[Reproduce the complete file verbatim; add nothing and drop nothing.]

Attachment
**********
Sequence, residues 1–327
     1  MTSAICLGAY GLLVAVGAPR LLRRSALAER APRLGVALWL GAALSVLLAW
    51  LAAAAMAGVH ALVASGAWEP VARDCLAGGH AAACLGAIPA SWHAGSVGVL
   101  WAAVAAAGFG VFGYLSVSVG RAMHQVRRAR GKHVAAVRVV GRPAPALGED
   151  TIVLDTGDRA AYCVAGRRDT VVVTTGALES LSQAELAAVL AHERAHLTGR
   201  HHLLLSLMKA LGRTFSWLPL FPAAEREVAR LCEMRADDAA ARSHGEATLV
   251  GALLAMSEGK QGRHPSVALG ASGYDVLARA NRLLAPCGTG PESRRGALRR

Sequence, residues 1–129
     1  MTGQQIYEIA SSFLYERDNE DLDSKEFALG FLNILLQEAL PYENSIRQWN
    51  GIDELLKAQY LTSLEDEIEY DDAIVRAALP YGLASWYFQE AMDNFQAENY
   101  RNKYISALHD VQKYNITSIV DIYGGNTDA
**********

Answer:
Sequence, residues 1–327
     1  MTSAICLGAY GLLVAVGAPR LLRRSALAER APRLGVALWL GAALSVLLAW
    51  LAAAAMAGVH ALVASGAWEP VARDCLAGGH AAACLGAIPA SWHAGSVGVL
   101  WAAVAAAGFG VFGYLSVSVG RAMHQVRRAR GKHVAAVRVV GRPAPALGED
   151  TIVLDTGDRA AYCVAGRRDT VVVTTGALES LSQAELAAVL AHERAHLTGR
   201  HHLLLSLMKA LGRTFSWLPL FPAAEREVAR LCEMRADDAA ARSHGEATLV
   251  GALLAMSEGK QGRHPSVALG ASGYDVLARA NRLLAPCGTG PESRRGALRR

Sequence, residues 1–129
     1  MTGQQIYEIA SSFLYERDNE DLDSKEFALG FLNILLQEAL PYENSIRQWN
    51  GIDELLKAQY LTSLEDEIEY DDAIVRAALP YGLASWYFQE AMDNFQAENY
   101  RNKYISALHD VQKYNITSIV DIYGGNTDA